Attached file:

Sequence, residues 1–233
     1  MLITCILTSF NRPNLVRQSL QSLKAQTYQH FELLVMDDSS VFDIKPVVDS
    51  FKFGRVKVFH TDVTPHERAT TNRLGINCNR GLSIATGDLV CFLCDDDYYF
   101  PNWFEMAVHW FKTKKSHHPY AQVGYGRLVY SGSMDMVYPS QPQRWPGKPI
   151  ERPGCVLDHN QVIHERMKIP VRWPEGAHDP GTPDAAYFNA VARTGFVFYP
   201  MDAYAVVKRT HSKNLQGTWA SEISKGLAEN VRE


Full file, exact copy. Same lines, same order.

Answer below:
Sequence, residues 1–233
     1  MLITCILTSF NRPNLVRQSL QSLKAQTYQH FELLVMDDSS VFDIKPVVDS
    51  FKFGRVKVFH TDVTPHERAT TNRLGINCNR GLSIATGDLV CFLCDDDYYF
   101  PNWFEMAVHW FKTKKSHHPY AQVGYGRLVY SGSMDMVYPS QPQRWPGKPI
   151  ERPGCVLDHN QVIHERMKIP VRWPEGAHDP GTPDAAYFNA VARTGFVFYP
   201  MDAYAVVKRT HSKNLQGTWA SEISKGLAEN VRE